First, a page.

Be good (to yourself)
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Be good (to yourself)

I had some doubts about writing this post. The thing is it might look like I’m bragging, and no one likes that, right? But over the past couple of weeks I’ve been communicating with people much more than I usually do and it made me think about all sorts of things one of them being the fact that we all tend to be too hard on ourselves. This is why I decided to take the risk of coming across as a show-off to make an important point: we should give ourselves credit where credit is due.

 

The other day I was thinking that I must finally get down to making an about page for my website. That was when I realized how much things have changed in the past few months. It won’t be an exaggeration to say, that there have been more changes in my professional life in the last 10 months than in the previous 10 years!

 

I have been working as a freelance translator since 2005. In 2006, I worked as an in-house translator and interpreter at the City Development Institute of Nizhniy Novgorod, but only for a few months.

 

Since there’re not so many interpreting gigs in my city, I gradually switched to translation only. I started out working for Russian translation agencies. In a couple of years, I began collaborating with European agencies as well and that’s how things had been running until last April, when I started taking myself more seriously as a business owner, stopped going with the flow and began marketing my services.

 

Here’s what I managed to do in the past 10 months (alongside working as a full-time translator and living a life):

 

  • In July, I launched my web-site, which I’m very proud of. It’s not surprising considering the fact that less than a year ago I had no idea about web design, WordPress, hosting and a lot of other things.
  • In August, I started writing this blog and some of the posts I published here got quite a bit of traction. One of them was even translated into Spanish!
  • In October, I launched a side project called I Love Mondays. I’ve been sending my translations of articles about starting a business and being productive to a tight-knit community of people who want to make the most of their lives for the past 21 weeks and this is something I look forward to every single week.
  • In January, I had a chance to present at a webinar on marketing translation business online together with my friend and colleague Dmitry Kornyukhov.
  • On February, 17 Dmitry and I launched another amazing project — the first live talk-show about the translation profession called Blabbing Translators.

 

If someone had told me that I would do all these things (or even any of them!) in a matter of months, I wouldn’t have believed them! Still it’s true.

 

How come I hadn’t done all of this earlier? What was different?

 

The only thing that has changed is the way I see myself. That’s it. It’s all in our head.

 

I believed that I can build a web-site, and I did it. Even if at first it seemed that nothing good will come out of it and I felt like a complete idiot, when I couldn’t make the front page look as nice as the theme’s demo.

 

I believed that I have something to share, and it turned out people liked what I had to say and even wanted to pass that on!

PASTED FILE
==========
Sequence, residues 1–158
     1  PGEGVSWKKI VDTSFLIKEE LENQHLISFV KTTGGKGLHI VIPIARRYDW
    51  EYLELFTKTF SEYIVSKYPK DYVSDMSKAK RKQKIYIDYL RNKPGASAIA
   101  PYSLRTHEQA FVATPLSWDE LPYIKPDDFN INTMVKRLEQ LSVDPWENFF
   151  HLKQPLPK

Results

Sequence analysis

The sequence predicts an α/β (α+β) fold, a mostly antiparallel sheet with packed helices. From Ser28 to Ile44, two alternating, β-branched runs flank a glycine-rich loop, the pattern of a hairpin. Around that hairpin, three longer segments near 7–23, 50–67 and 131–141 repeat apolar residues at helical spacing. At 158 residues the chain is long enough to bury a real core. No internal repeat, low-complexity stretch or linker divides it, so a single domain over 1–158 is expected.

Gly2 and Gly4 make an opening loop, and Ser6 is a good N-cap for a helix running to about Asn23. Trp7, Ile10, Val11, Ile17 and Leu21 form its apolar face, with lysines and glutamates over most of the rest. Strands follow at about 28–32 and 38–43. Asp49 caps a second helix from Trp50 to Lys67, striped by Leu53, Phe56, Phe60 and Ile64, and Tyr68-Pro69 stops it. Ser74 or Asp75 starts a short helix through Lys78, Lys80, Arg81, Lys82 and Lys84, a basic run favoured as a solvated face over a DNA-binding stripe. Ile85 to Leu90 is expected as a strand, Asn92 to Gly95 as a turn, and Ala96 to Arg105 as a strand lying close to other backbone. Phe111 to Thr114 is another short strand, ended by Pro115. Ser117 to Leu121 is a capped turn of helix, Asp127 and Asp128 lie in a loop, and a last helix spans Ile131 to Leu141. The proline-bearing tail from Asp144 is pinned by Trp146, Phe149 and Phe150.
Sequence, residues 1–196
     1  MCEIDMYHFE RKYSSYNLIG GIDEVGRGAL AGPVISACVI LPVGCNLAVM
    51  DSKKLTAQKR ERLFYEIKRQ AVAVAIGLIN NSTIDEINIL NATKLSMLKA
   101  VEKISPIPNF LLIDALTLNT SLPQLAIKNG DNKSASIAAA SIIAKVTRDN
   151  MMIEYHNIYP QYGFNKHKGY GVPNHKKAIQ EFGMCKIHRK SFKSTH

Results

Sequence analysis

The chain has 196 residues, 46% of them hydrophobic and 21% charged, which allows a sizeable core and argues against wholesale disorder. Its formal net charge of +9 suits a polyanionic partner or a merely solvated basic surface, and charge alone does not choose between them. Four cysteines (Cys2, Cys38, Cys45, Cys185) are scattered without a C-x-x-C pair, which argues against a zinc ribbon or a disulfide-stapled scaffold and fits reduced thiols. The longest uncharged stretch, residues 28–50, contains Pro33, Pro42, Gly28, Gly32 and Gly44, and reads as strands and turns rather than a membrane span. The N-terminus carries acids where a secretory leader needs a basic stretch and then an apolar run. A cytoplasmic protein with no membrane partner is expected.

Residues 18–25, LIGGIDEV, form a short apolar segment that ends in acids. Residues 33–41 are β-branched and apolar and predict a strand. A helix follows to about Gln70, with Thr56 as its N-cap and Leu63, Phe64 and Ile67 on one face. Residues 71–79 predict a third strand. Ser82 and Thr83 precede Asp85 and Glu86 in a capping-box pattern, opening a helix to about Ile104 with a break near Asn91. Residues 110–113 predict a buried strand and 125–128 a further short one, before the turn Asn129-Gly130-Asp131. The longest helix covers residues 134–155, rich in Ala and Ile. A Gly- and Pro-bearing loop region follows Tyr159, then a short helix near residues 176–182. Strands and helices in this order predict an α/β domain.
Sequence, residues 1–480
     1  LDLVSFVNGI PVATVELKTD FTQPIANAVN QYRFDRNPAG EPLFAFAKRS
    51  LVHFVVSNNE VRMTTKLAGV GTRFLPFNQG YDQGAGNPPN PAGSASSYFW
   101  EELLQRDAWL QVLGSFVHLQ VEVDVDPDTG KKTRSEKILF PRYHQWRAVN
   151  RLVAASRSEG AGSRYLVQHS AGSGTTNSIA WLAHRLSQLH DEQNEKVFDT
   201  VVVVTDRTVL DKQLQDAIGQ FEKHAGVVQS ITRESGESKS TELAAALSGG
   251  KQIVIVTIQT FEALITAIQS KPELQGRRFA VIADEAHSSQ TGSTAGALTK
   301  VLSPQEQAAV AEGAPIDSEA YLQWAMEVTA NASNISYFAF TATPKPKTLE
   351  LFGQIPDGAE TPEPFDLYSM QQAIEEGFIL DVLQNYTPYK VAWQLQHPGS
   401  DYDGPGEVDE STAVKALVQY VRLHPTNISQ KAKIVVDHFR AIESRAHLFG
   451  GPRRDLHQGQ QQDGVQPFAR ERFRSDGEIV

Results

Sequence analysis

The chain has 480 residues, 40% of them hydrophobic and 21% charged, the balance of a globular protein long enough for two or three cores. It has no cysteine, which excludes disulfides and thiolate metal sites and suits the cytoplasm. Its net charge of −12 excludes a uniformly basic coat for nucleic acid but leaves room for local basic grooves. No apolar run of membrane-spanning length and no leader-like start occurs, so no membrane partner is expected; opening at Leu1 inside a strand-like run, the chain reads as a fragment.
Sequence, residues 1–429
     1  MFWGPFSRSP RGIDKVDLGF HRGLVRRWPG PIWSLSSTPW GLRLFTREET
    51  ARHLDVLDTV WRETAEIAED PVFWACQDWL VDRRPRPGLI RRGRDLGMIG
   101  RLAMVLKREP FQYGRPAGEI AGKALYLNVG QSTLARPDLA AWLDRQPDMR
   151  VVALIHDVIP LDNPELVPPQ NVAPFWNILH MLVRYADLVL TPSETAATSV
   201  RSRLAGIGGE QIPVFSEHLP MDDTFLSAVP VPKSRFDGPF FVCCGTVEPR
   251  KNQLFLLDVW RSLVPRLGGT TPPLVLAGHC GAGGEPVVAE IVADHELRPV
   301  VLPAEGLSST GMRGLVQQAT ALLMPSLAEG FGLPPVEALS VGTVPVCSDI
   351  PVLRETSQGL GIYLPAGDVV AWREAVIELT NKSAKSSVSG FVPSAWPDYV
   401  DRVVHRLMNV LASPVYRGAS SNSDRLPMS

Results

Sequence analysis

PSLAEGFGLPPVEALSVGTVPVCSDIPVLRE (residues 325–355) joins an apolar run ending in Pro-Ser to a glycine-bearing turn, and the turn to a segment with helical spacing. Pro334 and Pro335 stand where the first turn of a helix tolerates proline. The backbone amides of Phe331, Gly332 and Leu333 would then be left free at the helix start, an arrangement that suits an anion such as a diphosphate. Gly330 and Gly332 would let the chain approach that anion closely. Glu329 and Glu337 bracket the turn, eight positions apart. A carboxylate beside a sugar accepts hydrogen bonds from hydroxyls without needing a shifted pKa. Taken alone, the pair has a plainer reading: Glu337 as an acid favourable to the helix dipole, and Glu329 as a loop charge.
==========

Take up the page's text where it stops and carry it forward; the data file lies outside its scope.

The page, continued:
I believed that I can use my skills to take some great practical and motivational articles and make them available to people who wouldn’t have found them otherwise because they don’t know English that well, and I did it. And no, it’s not always easy to find the time for translating another thousand of words a week, but I have managed to do it until now and I’m planning to go on because I believe that it can make someone’s life better.

 

I believe that every voice matters and this is where I find the inspiration and courage to share my own experience and why I think that Blabbing Translators project has a very bright future ahead of it.

 

So, maybe I’m unique in some way? Maybe I have something no one else has, a superpower of some sort? Maybe I can go without sleep for 50 hours straight? Or have a particularly thick skin and don’t care about what other people will think or say about me? I wish it was the case, but it’s not.

 

I have to sleep and even, you know, do other things in life, like going to the movies with my husband, playing board games with my friends or visiting my Grandma. And I take all comments to heart (I’m unbelievably lucky that the translators’ community is so kind and supportive!).

 

I just learned a few things that help me move forward. I learned to embrace the fear, the mistakes, and the imperfections. And more importantly, I learned to look back and feel proud of my accomplishments because this is something that fuels my creativity and helps me do amazing things.

 

Like any other professionals, translators have a choice: we can either just do our work without being too active in the industry or we can get engaged in projects that have the potential of changing how things work. As someone who has now tried both approaches, I can say that the second option feels way more fulfilling and it provides countless opportunities to grow both as a professional and a human being.

 

There are hundreds of ways in which each of us can contribute to making the translation profession more visible and even change the industry so that it’s no longer viewed as something to be scorned at by some of our colleagues. The most important thing is to understand that you matter.

 

So take a look at what you have already achieved and give yourself a mental pat on the back, because this is how you gain confidence. And that’s what you need to make things happen.

 

 

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